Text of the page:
General Motors posted strong fourth-quarter profits in North America and Asia but wider losses in Europe while recording its third straight profitable year since exiting bankruptcy.
GM posted a net profit of $892 million for the October-December period, up 89 percent from the year-earlier period. That includes several one-time charges and gains that added about $100 million to GM’s bottom line.
Excluding those items, GM’s operating profit, which the company believes is the best reflection of its underlying performance, rose 14 percent to $1.25 billion.
For the full year, GM’s net income was $4.86 billion, down 36 percent from a record $7.59 billion in 2011. Operating income in 2012, before any one-time items, was $7.86 billion, down 5 percent, according to the company’s quarterly earnings statement.
GM’s results, on an earnings-per-share basis, disappointed Wall Street. After the one-time items, GM earned 48 cents a share during the quarter — 3 cents less than a survey of analysts conducted by Reuters. GM shares fell 3.3 percent to close the day at $27.72.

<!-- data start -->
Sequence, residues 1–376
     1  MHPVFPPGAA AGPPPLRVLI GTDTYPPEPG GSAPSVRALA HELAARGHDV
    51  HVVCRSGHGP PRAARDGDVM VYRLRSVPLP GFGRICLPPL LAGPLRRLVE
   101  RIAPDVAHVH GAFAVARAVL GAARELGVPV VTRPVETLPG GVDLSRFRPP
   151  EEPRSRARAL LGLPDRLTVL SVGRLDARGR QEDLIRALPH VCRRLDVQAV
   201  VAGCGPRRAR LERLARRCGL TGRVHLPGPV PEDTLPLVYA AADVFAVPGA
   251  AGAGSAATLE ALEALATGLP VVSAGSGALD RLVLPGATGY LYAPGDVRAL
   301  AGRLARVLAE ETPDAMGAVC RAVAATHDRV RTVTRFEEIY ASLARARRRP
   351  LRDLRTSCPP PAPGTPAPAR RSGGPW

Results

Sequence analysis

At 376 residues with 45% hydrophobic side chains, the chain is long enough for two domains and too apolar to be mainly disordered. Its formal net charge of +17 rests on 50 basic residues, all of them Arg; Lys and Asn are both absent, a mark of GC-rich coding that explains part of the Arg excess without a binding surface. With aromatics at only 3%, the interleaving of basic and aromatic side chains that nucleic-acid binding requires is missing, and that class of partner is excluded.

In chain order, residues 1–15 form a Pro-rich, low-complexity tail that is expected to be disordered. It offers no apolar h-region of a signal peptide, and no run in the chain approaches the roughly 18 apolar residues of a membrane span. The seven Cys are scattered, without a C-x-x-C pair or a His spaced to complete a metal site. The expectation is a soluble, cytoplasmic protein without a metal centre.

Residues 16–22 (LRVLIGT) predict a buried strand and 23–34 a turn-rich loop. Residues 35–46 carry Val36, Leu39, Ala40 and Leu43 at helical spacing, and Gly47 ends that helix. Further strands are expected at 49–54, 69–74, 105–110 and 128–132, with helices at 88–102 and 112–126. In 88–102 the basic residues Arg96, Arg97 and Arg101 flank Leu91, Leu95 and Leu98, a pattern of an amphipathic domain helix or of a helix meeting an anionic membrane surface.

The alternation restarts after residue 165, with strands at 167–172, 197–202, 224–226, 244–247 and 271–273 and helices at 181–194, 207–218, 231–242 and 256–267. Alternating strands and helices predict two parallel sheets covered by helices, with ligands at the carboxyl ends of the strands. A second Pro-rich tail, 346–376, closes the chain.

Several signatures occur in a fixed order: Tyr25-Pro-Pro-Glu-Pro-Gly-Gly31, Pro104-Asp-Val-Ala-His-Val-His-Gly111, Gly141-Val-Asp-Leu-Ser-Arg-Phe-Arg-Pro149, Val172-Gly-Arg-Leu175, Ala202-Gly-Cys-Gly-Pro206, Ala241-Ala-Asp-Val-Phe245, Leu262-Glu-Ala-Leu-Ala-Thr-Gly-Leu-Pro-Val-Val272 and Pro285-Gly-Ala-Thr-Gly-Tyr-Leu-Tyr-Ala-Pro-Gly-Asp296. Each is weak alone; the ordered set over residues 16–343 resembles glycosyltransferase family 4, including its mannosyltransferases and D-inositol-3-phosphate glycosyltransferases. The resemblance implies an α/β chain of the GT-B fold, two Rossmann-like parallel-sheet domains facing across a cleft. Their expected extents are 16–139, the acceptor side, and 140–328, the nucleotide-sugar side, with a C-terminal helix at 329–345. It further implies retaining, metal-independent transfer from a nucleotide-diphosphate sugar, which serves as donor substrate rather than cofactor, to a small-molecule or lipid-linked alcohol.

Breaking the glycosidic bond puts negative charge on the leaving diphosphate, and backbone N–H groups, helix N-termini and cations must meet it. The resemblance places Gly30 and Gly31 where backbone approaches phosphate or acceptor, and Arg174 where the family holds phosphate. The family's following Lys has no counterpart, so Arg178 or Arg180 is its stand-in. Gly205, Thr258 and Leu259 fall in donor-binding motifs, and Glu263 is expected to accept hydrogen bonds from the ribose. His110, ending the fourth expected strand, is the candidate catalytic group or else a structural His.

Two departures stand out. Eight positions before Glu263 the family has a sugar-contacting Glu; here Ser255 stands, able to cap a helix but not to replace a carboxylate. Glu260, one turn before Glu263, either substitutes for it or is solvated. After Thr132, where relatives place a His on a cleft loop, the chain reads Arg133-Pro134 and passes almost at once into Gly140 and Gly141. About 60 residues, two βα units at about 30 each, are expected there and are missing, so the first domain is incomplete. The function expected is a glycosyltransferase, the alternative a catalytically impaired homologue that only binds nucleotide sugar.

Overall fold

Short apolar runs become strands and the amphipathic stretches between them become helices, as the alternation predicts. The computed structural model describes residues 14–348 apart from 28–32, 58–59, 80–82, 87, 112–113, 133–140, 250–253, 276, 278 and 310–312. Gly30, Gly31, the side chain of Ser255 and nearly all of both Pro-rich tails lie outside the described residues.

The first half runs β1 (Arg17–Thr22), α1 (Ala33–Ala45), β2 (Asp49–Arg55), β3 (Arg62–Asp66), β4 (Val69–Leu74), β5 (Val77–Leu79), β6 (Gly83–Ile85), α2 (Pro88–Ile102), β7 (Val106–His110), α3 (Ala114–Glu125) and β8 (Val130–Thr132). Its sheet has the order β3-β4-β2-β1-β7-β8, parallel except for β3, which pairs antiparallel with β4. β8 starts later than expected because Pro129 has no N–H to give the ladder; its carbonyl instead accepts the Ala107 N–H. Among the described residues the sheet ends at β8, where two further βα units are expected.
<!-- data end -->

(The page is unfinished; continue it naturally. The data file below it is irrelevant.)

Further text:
“From every vantage point, 2012 was another solid year for General Motors,” GM CEO Dan Akerson told analysts during a conference call.
Despite the growing red ink in Europe, Akerson stood by GM’s earlier forecast of reaching breakeven on the troubled continent by the middle of the decade. He expects to finalize a labor deal with German unions by the end of March, a key part of GM’s restructuring plan.
“One thing we can’t control is the market, but we have certain levers we can pull,” Akerson said. “At the same time, we can’t just play defense. We’re trying to play offense” by entering new segments, including the recent launch of the Opel Mokka small crossover and Adam minicar.